Qwest’s goal is to lead
in communications & community
The company needs engineers at all levels
as well as software developers, IT systems architects
and analysts and product managers
For more than a century, homes and businesses have relied on Qwest’s dependable dial tone. Now the company provides voice, video and data services as well as the familiar telephone connections.
Qwest is hiring techies. “We have more than 100 open positions in our IT organization, ranging from the network side of the house where development is going on to systems already in place,” says Debi Duran, director of staffing.
Both experienced professionals and college grads are needed. About two years of LAN experience are required for jobs in IT security and network security. Design engineers need five years’ experience with fiber and copper. Analyst architects and software system engineers need experience in a number of programming languages: C, C++, Java and database apps like Oracle.
The Denver-based company serves a fourteen-state region that stretches from Washington and Oregon to Minnesota and Iowa. Qwest recently won a portion of a major contract, Networx Enterprise, with the U.S. General Services Administration. It will provide communication services to more than fifty government agencies, including the Department of Energy and the Department of Defense.
“We’re one of three preferred providers,” says Shasha Richardson, director of diversity. “We have an incredible national network with high-end capabilities.”
In the Qwest service territories, Richardson says, the company works to makes sure its employees are representative of the customers they serve. “Twenty-eight percent of new hires last year were diverse,” she explains. “When you look at entry-level management that number increased to fifty percent.”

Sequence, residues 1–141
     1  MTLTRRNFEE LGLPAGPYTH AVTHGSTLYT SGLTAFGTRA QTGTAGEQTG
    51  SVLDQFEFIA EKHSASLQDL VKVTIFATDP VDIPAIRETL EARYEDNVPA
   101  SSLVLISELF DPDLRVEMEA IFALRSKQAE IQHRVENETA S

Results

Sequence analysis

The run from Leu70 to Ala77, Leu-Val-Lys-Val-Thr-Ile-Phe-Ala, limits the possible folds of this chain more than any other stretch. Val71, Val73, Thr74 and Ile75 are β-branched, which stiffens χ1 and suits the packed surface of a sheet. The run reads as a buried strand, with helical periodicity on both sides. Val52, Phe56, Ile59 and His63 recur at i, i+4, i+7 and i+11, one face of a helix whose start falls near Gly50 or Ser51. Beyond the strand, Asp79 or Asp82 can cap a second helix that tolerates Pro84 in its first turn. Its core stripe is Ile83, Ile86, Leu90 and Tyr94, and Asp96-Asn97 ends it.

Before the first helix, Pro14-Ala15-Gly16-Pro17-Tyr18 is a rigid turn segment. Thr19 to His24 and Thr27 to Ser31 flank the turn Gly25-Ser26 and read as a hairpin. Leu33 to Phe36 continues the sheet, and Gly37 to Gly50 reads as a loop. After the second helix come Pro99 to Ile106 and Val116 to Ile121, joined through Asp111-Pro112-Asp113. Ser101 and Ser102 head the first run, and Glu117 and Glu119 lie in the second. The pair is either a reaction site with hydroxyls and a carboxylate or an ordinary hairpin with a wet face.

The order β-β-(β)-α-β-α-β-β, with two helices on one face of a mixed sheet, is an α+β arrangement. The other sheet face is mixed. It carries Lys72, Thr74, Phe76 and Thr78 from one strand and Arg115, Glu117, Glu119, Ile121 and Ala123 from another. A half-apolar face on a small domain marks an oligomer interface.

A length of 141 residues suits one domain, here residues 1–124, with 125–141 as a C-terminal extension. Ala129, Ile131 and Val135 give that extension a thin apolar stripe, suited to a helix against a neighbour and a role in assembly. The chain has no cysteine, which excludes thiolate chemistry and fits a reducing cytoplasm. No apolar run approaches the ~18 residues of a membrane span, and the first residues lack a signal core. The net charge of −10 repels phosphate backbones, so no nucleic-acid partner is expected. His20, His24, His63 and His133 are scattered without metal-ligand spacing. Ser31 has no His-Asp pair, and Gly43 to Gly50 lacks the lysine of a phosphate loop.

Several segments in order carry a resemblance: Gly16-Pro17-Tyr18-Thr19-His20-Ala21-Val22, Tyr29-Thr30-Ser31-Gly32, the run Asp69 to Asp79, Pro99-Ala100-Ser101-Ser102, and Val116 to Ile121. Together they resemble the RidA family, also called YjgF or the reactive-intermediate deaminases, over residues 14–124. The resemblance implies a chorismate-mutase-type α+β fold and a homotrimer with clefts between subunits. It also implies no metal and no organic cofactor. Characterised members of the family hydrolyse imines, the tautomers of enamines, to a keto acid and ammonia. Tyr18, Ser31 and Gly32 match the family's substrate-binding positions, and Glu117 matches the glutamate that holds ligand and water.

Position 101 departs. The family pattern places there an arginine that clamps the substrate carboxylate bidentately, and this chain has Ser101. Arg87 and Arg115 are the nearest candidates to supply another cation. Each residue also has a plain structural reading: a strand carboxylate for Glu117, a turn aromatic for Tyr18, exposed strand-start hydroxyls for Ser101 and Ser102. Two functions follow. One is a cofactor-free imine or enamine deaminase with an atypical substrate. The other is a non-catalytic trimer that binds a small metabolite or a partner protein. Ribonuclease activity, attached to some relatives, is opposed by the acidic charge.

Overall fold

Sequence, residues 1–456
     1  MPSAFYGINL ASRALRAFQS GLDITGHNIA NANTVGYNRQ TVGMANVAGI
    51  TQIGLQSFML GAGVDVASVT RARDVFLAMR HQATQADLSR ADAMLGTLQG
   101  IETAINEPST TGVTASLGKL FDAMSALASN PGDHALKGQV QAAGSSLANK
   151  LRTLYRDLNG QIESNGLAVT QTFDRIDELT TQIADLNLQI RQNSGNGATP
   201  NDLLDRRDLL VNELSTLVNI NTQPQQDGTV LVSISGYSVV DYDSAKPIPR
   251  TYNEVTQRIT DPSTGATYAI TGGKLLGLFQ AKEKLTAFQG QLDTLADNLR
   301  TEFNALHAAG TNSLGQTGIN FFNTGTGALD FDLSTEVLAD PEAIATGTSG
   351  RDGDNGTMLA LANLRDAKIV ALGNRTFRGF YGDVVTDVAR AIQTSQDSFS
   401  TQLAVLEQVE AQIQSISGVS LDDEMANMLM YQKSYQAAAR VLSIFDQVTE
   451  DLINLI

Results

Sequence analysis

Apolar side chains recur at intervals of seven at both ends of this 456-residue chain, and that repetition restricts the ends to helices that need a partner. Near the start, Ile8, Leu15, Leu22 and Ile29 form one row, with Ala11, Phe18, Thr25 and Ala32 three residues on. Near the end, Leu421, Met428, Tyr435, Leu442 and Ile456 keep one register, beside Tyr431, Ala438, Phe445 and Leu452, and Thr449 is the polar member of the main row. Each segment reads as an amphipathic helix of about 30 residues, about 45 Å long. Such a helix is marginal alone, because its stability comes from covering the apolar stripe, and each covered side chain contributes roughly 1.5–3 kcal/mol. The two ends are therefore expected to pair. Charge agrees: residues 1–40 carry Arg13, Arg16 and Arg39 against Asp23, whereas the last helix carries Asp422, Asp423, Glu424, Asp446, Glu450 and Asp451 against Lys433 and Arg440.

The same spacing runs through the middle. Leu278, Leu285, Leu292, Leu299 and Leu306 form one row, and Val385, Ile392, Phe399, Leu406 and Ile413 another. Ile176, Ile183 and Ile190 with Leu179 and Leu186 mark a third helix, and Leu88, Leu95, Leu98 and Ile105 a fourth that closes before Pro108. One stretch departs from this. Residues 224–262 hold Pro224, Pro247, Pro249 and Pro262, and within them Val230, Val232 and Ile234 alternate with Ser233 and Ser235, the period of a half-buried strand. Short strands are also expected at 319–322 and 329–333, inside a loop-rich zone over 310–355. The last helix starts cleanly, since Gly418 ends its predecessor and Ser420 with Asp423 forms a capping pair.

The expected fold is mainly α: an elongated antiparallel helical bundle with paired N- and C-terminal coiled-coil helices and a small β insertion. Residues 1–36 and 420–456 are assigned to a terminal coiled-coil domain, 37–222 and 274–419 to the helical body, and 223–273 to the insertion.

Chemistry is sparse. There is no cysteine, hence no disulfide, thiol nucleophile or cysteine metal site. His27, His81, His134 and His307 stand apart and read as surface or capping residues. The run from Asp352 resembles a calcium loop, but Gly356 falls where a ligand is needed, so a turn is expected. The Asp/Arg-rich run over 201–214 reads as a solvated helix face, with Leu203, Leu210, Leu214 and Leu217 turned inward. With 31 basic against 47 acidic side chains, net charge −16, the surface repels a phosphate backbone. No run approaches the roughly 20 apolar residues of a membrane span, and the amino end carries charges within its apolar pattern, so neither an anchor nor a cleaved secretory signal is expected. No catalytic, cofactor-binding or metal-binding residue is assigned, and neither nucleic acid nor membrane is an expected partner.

To reach diverse candidates Qwest has recently focused additional effort on national conventions of organizations like SHPE and SWE, reports Kathleen Shaffer, diversity staffing manager.
To maintain its internal focus on diversity Qwest relies on an executive steering committee. “It’s apparent that you cannot have a ‘program’ around diversity,” Richardson explains. “It has to be a culture. To do that, you need executive support and input.” The executive committee provides a formal structure to look at diversity efforts.
Membership in Qwest’s seven employee resource groups (ERGs) recently increased by 50 percent and is still growing. “It’s an important part of our diverse culture,” says Richardson. “We get behind employee resource groups, allocate dollars, and challenge them to come up with initiatives that benefit diverse employees.”
The increased membership and energy led a Washington State ERG to explore mentoring programs tailored to its members. “We do have one or two business units that operate formal mentoring programs, but because our business units are so diverse and have different skill sets there’s no one type that fits all,” Richardson notes.
Qwest has incorporated the decades-old tradition of telephone company volunteerism into its culture. Thousands of volunteer hours put in by employees and retirees, along with the company’s charitable contributions, benefit the communities where its employees live, work and play, Richardson reports.
||Voice, video and data
services across America and the world